Ganley: Well, what could that look like, Governor? Would some facilities possibly be opened up for elective surgeries, others not depending on data on where cases are, or hotspots around the state?
Sununu: It could be. We really don't know. We're looking at different models around the country. Some facilities will say, okay, this wing over there is the COVID wing and this over here is for elective surgery. Some states are looking at a model that says this hospital is the COVID hospital, these ones are open for elective, and we put a lot of our funds to backstop the COVID hospitals. I was talking to Senator Hassan about this just a couple of nights ago. You know, the senators, I think, have done a good job in Washington. They're also working with their counterparts nationally, as I have been with governors as well to see what might work. But this is one of the first areas where I think we have to be aggressive about a model. And I'm not taking it back to quote "normal," I dont know if what we used to think is normal is going to be nromal in any of these models going forward. But once we do in a safe way that keeps the public health interests protected, but get some of these healthcare facilities back on track because we're going to need them for the long haul.
Ganley: You and the state epidemiologist, Ben Chan, said last week that measures like the stay-at-home order seems to be working to slow the spread. Is it possible that the state could lift that order any time soon? Or other restrictions and then bring them back if infections pick up again in another wave later in the year?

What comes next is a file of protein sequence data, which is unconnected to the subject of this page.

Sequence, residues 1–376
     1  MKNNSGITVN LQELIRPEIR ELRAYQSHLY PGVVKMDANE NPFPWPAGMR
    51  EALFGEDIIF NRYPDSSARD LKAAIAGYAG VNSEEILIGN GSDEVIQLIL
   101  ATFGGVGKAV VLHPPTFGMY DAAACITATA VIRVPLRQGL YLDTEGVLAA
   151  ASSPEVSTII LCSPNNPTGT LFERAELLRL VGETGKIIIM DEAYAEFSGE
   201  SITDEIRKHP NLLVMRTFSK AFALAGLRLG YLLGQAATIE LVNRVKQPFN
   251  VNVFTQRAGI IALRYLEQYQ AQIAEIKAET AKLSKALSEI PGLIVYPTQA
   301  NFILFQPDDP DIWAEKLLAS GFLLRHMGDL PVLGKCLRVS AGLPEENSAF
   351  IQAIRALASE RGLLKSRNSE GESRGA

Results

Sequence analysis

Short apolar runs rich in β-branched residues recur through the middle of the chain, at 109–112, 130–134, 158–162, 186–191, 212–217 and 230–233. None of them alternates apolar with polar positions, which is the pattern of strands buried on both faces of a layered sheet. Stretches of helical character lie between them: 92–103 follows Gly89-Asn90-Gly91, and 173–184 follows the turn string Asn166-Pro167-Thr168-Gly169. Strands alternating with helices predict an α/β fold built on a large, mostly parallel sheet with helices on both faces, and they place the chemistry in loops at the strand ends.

Sununu: Yeah, so anytime soon? No, probably not. I mean, soon being in the next couple weeks, I don't see any way that that could happen. I mean, why... we've hit a plateau, we're not dropping precipitously by any by any means. We're still hitting 30, 40, 50, cases a day, something like that on any given day. And we'll probably be bouncing around with these types of numbers for quite some time. So the state-at-home order, you know, we really look to the CDC to provide a lot of those recommendations. Not that we have to do exactly what the CDC advises or recommends. But we take what they're recommending and try to make sure it's working within our models. And I think that'll be in place at least for the short run. Long term, we're going to look at other things. Can you get, you know, certain businesses back up and running under a new model that is using physical distancing, allowing remote purchases, or something like that? For example, bookstores, right? A lot of bookstores are now coming back online because if you're buying your books over the phone or over the Internet, and you're doing a curbside pickup with no cash transactions. It's a different model, but it's allowing a lot of facilities to stay open.